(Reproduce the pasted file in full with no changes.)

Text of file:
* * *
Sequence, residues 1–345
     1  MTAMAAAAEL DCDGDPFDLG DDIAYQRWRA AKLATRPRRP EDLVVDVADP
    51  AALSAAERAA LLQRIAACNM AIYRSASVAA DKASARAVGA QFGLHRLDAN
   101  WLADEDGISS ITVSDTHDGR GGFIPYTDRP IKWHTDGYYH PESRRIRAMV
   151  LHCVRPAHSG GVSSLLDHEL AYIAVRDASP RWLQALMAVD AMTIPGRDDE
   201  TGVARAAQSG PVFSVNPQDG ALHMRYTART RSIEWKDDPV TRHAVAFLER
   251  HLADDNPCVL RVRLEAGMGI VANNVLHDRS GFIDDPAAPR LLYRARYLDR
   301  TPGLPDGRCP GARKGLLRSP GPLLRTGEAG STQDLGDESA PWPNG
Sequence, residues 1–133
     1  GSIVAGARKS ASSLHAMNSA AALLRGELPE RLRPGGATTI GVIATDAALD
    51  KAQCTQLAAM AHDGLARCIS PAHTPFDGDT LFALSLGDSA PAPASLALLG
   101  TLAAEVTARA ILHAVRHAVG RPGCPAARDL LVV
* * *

Sequence, residues 1–345
     1  MTAMAAAAEL DCDGDPFDLG DDIAYQRWRA AKLATRPRRP EDLVVDVADP
    51  AALSAAERAA LLQRIAACNM AIYRSASVAA DKASARAVGA QFGLHRLDAN
   101  WLADEDGISS ITVSDTHDGR GGFIPYTDRP IKWHTDGYYH PESRRIRAMV
   151  LHCVRPAHSG GVSSLLDHEL AYIAVRDASP RWLQALMAVD AMTIPGRDDE
   201  TGVARAAQSG PVFSVNPQDG ALHMRYTART RSIEWKDDPV TRHAVAFLER
   251  HLADDNPCVL RVRLEAGMGI VANNVLHDRS GFIDDPAAPR LLYRARYLDR
   301  TPGLPDGRCP GARKGLLRSP GPLLRTGEAG STQDLGDESA PWPNG
Sequence, residues 1–133
     1  GSIVAGARKS ASSLHAMNSA AALLRGELPE RLRPGGATTI GVIATDAALD
    51  KAQCTQLAAM AHDGLARCIS PAHTPFDGDT LFALSLGDSA PAPASLALLG
   101  TLAAEVTARA ILHAVRHAVG RPGCPAARDL LVV